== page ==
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Why You Should Become an Intrapreneur Being an entrepreneur is great -- but it's hard. If you love the skills but hate the risk, being an intrapreneur might be the career you're looking for.

By Alexa Dagostino Edited by Micah Zimmerman

Opinions expressed by Entrepreneur contributors are their own.

Entrepreneurs are known for having the great gift of turning coal into diamonds. They take an idea and bring it to life, turning a fun brainstorming session into a multi-billion dollar company. Or, so we are told. The truth is, being an entrepreneur isn't always a "happily ever after."

Many entrepreneurs don't rise to stardom (98% to be exact!). They pour thousands of dollars into a company, only for it to not be executed the way they envisioned. Entrepreneur horror stories paralyze many aspiring business professionals because they want to make a difference but don't want to risk their earnings and take the chance of losing it all.

However, there is a solution to this problem: intrapreneurship.

As an intrapreneur, you are acting as an entrepreneur within a company. You get paid to do what you truly desire — creating, innovating, helping others — without financial risk.

While being an intrapreneur doesn't give you the "CEO" prefix next to your name, it allows you to act as an entrepreneur without assuming the same financial risk. Here are three benefits to being an intrapreneur.

Related: 6 Steps for Converting Employees Into Intrapreneurs

Don't drown with the ship

As an entrepreneur, a big downside to your position is that if things go south for your company, so do your finances. As an entrepreneur, you are responsible for finding and maintaining the means to fund your company. As you expand, you are not only responsible for financing the product but providing the means to support your team.

While loans are possible, you will inevitably spend some of your personal earnings on funding your business. Being an intrapreneur, you have the same level of creative freedom as an entrepreneur but will receive a set salary at the end of the pay period and not carry as much financial risk.

Related: 3 Reasons Companies Need Intrapreneurship

A limit to responsibilities

When entrepreneurs begin their business, they are most excited about seeing their hard work and ideas come to life. But when running a business, you soon realize it truly takes a village of people for everything to run according to plan.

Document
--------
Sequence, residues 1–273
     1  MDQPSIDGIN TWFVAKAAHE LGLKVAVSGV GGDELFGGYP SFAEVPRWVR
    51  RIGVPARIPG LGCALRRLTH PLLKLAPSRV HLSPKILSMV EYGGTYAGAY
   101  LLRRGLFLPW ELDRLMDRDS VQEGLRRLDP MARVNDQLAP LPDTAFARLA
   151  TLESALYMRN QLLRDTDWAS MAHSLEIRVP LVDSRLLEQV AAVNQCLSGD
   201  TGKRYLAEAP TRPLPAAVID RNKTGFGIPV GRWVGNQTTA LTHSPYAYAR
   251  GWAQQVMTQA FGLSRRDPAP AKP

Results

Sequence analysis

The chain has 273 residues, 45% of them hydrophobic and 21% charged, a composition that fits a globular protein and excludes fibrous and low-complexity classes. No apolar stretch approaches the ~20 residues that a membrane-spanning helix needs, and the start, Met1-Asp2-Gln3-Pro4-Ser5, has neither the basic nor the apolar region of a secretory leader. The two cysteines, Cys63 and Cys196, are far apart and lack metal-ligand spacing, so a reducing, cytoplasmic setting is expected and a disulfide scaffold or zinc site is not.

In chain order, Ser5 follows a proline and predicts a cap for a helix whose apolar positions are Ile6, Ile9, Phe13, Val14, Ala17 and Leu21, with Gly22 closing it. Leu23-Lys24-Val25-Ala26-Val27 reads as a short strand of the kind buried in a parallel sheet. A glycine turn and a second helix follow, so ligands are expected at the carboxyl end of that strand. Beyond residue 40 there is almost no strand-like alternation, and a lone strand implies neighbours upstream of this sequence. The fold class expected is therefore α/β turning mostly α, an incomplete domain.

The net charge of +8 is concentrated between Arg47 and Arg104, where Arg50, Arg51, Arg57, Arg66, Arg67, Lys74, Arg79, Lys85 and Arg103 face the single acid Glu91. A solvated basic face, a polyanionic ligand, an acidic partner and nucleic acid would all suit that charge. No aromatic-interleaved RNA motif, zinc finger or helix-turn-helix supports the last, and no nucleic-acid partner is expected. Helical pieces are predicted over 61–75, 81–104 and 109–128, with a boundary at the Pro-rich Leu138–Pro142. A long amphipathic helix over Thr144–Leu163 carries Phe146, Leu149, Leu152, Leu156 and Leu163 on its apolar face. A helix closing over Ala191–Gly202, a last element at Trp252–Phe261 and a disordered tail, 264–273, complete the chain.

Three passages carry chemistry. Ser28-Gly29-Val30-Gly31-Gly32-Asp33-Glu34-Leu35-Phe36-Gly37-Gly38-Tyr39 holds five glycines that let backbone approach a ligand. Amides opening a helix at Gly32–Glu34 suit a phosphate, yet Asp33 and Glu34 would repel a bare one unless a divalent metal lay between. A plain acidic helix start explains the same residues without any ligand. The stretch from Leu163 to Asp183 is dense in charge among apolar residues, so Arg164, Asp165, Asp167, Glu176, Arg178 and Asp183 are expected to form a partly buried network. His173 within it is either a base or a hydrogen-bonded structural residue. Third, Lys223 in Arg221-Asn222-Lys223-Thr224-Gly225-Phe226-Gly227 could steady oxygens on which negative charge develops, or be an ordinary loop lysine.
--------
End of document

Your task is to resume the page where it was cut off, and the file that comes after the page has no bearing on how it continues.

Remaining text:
You are responsible for much more than creating a vision as an entrepreneur. You have to hire employees, handle the financial logistics of your company, negotiate with other sellers and manage front and back-end operations. The list certainly goes on.

Before they know it, the once starry-eyed entrepreneur's passion for creating a product turns to pure exhaustion. Being an intrapreneur means you don't have to take on the extreme levels of the entrepreneurial process. Rather than starting from scratch, you might be given a set budget and period to get a project done. Companies like Google have a similar structure, providing their intrapreneurs the means to create something new while creating a timeline to execute the project.

Related: Big Companies That Embrace Intrapreneurship Will Thrive

Do what you love

People often forget with the word "entrepreneur" that it isn't solely an occupation but a skill set. If you have an entrepreneurial mind, you like to think out of the box, solve problems and generate solutions. These are most likely the skills that inspired you to enter the field of entrepreneurship and business. Being an intrapreneur allows you to use those skills that you are craving to exercise without all of the financial risks. You can focus your time and energy on the part of the business that excites you.

Many people are hesitant to become intrapreneurs because they do the same work without the title. While this is true, you can also do the same job without the risk. Being an entrepreneur is great but taxing.

Sometimes it isn't about the ego. Sure, there may not be the letters "CEO" listed in front of your name on your business card. But what you receive is your financial stability, the ability to exercise the skills you enjoy and the ability to help others.

To clarify — there is nothing wrong with being an entrepreneur. Many entrepreneurs can turn coal into diamonds and make a solid living out of their innovations. But there is another option with a lot less stress and responsibility.

If you are looking for creativity outside the cubicle, becoming an intrapreneur might be the key to fulfilling your career desires. With all the rewards and no financial risk, intrapreneurship might be what you are looking for.

Alexa Dagostino

Founder/CEO of Thynktank Coaching & Thynkfuel Media

Alexa Dagostino is an award-winning serial entrepreneur, marketer, business coach, consultant and investor. She helps entrepreneurs and small businesses skyrocket their business through strategy, marketing, sales, media and leadership.

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